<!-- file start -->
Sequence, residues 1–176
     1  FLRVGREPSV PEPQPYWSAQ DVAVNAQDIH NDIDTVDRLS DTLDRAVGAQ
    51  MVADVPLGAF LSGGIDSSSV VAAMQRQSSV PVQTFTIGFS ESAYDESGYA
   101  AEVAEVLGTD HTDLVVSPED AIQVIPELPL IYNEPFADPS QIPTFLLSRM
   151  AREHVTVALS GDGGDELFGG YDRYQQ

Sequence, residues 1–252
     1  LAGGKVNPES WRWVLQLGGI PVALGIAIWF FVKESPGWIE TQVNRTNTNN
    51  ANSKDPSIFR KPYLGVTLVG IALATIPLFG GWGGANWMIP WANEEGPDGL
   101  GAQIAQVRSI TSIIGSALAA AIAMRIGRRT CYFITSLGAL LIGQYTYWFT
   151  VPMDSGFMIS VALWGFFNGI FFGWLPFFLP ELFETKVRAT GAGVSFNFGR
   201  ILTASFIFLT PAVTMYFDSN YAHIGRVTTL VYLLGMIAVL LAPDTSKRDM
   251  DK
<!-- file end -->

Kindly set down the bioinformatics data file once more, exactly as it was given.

Sequence, residues 1–176
     1  FLRVGREPSV PEPQPYWSAQ DVAVNAQDIH NDIDTVDRLS DTLDRAVGAQ
    51  MVADVPLGAF LSGGIDSSSV VAAMQRQSSV PVQTFTIGFS ESAYDESGYA
   101  AEVAEVLGTD HTDLVVSPED AIQVIPELPL IYNEPFADPS QIPTFLLSRM
   151  AREHVTVALS GDGGDELFGG YDRYQQ

Sequence, residues 1–252
     1  LAGGKVNPES WRWVLQLGGI PVALGIAIWF FVKESPGWIE TQVNRTNTNN
    51  ANSKDPSIFR KPYLGVTLVG IALATIPLFG GWGGANWMIP WANEEGPDGL
   101  GAQIAQVRSI TSIIGSALAA AIAMRIGRRT CYFITSLGAL LIGQYTYWFT
   151  VPMDSGFMIS VALWGFFNGI FFGWLPFFLP ELFETKVRAT GAGVSFNFGR
   201  ILTASFIFLT PAVTMYFDSN YAHIGRVTTL VYLLGMIAVL LAPDTSKRDM
   251  DK